China renews crackdown on Tencent's messaging app WeChat

BEIJING Tue May 27, 2014 7:43am EDT

A picture illustration shows a WeChat app icon in Beijing, December 5, 2013. REUTERS/Petar Kujundzic

A picture illustration shows a WeChat app icon in Beijing, December 5, 2013.

Credit: Reuters/Petar Kujundzic

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BEIJING (Reuters) - China will begin a month-long crackdown on Tencent Holdings Ltd.'s popular WeChat messaging application, state media reported on Tuesday, the latest in a series of curbs on online freedom of expression.

WeChat, whose Chinese name means "micromessage", has quickly become a news source for savvy mobile users in China, where most traditional news sources are heavily censored.

"Some people are using this platform to disseminate negative or illegal harmful information to the public, seriously damaging the internet system and hurting public interest, causing dissatisfaction among internet users," an unnamed person responsible for the campaign told the state-owned China News Service.

The crackdown would particularly focus on accounts sending information with the ability to "communicate (widely) and mobilize society", the report said. Accounts spreading rumors and ideas on violence, terrorism, cheating and sex would be targeted.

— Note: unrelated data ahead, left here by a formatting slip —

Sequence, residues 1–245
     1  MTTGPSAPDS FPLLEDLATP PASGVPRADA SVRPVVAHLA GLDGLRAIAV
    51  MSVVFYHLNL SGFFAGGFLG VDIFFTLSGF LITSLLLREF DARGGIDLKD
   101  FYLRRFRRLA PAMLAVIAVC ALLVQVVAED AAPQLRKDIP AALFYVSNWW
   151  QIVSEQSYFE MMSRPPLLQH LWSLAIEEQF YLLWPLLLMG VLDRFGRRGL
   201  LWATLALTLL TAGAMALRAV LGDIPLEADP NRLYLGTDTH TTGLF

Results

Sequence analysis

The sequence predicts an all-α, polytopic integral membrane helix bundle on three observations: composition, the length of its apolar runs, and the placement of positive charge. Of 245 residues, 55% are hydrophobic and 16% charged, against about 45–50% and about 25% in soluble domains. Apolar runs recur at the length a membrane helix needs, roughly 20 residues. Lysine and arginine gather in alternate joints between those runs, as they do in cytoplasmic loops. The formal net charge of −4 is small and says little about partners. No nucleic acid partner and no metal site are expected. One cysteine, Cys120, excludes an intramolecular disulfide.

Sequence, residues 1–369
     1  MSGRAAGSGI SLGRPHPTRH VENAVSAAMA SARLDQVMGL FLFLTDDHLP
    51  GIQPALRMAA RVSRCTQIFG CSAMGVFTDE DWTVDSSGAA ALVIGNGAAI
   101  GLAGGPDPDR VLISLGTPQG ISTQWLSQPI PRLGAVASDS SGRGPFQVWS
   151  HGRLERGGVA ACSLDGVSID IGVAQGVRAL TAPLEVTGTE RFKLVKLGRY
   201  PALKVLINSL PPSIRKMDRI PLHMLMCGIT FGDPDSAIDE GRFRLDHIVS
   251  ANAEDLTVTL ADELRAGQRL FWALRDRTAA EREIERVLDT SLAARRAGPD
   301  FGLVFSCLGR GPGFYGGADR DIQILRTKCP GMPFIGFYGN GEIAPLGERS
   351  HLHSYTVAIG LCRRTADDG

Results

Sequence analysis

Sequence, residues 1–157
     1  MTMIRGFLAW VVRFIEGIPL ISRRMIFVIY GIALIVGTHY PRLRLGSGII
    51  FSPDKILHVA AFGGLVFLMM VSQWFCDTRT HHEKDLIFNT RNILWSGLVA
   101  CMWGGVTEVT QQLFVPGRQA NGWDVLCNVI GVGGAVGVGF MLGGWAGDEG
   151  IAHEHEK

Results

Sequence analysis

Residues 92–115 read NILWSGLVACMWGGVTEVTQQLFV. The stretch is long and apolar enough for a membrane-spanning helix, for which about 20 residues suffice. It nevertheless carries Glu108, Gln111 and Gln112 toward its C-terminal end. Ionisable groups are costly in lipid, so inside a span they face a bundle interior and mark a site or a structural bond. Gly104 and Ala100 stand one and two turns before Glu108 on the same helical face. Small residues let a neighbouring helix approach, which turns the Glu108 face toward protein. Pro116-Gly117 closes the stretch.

Tencent could not be immediately reached for comment.

Authorities would also seek to weed out domestic and foreign forces seeking to infiltrate and sabotage China, China News Service added.

Authorities shuttered dozens of popular accounts sending out social or political articles and information in March. [ID:nL3N0MB2UB]

Unlike popular microblogging services such as Sina Corp's Sina Weibo, where messages can reach millions of people in minutes, WeChat allows users to communicate in small, private circles of friends, and send text and voice messages for free - a big part of its success.

The party renewed a campaign on online discourse last year, threatening legal action against people whose perceived rumors on microblogs are reposted more than 500 times or seen by more than 5,000 people.

(Reporting By Megha Rajagopalan; Editing by Nick Macfie)

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